The K.K. Berge Gallery is hosting a new artist this month. Litchfield painter Tom Soucek’s work is now on display and will run through early November. The exhibition is sponsored by the Granite Area Arts Council and is open to the public. The Gallery will also host an open house on Thursday, October 12, at 6:30 p.m. Our reporters had the opportunity to talk with Soucek about the exhibit and his art.
Soucek never intended to become a professional painter. After leaving the service 35 years ago, he went to school and got a degree in art and social science, afterwhich he began teaching in Iowa. Eventually he moved to Litchfield, where he taught at alternative school. Soucek gradually began to realize, however, that teaching might not be for him. “After the school lost funding,” Soucek explained, “instead of moving my family to a new city, I decided to try something different.” The “something different” ended up being watercolor painting.
Ever since he was young, Soucek had a passion for art. He would doodle in his school notebook, and eventually taught himself how to paint in watercolors. “I would see other people paint and wanted to see if I could do something as good.”
Eventually, Soucek brought his work to a public art show, where he received positive feedback. “That’s when I realized I could do this,” Soucek reflected. “I saw myself getting a little better and developing my own style.” So, Soucek decided to take the leap and go all or nothing into watercolor painting, and hasn’t looked back since.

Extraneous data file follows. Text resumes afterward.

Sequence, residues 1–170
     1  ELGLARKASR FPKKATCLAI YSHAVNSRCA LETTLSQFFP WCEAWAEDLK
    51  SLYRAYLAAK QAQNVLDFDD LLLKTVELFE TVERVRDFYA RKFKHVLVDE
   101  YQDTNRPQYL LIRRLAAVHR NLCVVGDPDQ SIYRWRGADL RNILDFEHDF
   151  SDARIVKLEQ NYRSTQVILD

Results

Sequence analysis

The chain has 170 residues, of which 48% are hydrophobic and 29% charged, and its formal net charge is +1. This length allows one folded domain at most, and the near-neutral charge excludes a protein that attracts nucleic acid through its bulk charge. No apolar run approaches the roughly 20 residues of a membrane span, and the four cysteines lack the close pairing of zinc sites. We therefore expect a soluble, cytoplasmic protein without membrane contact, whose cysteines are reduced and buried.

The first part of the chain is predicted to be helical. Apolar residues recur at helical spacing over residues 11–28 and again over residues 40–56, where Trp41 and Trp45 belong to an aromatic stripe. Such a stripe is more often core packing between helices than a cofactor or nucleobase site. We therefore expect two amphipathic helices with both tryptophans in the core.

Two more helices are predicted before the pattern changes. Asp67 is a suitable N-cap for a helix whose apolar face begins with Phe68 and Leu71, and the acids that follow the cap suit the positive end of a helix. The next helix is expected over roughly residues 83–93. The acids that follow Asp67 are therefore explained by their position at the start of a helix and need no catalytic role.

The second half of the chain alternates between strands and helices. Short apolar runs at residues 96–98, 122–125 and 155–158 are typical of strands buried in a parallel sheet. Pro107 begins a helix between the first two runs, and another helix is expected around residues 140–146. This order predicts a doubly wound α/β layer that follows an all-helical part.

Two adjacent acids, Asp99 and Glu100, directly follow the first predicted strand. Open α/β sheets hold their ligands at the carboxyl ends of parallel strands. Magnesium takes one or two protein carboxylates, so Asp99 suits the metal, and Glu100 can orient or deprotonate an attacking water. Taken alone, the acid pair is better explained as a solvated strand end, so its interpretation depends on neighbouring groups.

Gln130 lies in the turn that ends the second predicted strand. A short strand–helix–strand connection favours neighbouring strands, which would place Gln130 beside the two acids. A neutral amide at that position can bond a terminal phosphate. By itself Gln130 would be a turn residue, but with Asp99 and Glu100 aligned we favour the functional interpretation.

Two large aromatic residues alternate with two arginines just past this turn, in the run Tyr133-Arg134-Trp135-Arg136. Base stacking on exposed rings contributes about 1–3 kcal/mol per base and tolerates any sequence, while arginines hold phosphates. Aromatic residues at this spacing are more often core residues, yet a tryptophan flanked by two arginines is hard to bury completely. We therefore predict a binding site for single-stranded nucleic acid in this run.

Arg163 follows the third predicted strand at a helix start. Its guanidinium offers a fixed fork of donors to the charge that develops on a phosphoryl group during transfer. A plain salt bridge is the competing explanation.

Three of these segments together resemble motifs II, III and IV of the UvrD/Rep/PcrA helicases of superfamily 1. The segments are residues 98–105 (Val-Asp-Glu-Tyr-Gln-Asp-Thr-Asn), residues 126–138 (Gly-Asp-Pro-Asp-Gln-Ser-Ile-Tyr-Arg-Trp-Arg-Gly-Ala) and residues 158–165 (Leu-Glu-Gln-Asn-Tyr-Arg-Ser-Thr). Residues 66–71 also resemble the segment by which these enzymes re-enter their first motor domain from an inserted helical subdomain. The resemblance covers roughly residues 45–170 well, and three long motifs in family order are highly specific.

The northwoods play a prominent role in Soucek’s artwork. “If I’m known for anything, it’s the birch trees,” Soucek said, adding that they are his signature. He primarily focuses on the landscapes rather than specific wildlife, although he also enjoys painting different birds.
Soucek also takes inspiration from western Minnesota. Barns are another speciality of his, and Soucek takes pride in trying to portray them as realistically as possible. “A lot of people are surprised that I get as much detail in as I do,” said Soucek, “but there really isn’t a lot there.” He explains that it all comes down to finding the right type of paper, saying that certain types bleed more than others.
There are several works currently on display at the Berge that are among Soucek’s favorites. The painting of an old car done several decades ago is among his favorites, although Soucek he won’t sell it because “my daughter already laid claim to that.” Another painting features a red barn located between Hutchinson and Cokato, which he thinks is the best painting that he has ever done.
At the age of 68, Soucek is starting to wind down his painting. He used to attend shows all year round, but now only displays between May and October. He laments that fewer young people are getting involved with the fine arts, but understands why. “It’s hard to make a living this way,” he acknowledged, “it takes a lot of work.”
Nevertheless, Soucek hopes to see more engagement in rural arts. For young people interested in getting involved, Soucek recommends that they take the time to learn from those already active. “Go to the fine arts show, look around and ask questions. See what’s out there.” He also says they have to be willing to take a gamble. “It’s not going to happen overnight,” he cautioned, but added that the opportunities are out there.